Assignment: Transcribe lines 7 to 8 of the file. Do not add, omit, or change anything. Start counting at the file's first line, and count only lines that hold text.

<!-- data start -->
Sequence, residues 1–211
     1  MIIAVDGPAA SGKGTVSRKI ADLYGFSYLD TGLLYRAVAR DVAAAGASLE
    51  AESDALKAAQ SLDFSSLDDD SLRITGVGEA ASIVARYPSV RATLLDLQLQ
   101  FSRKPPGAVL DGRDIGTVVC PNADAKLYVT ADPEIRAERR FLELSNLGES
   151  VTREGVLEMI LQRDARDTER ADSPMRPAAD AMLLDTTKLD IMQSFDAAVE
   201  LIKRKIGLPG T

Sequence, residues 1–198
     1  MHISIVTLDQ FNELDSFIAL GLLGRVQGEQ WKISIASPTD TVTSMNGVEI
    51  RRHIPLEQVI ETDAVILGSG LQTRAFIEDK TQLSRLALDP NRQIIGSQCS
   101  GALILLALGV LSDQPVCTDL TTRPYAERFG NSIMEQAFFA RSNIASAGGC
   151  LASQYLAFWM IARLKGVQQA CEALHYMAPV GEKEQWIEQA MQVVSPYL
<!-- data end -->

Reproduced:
Sequence, residues 1–198
     1  MHISIVTLDQ FNELDSFIAL GLLGRVQGEQ WKISIASPTD TVTSMNGVEI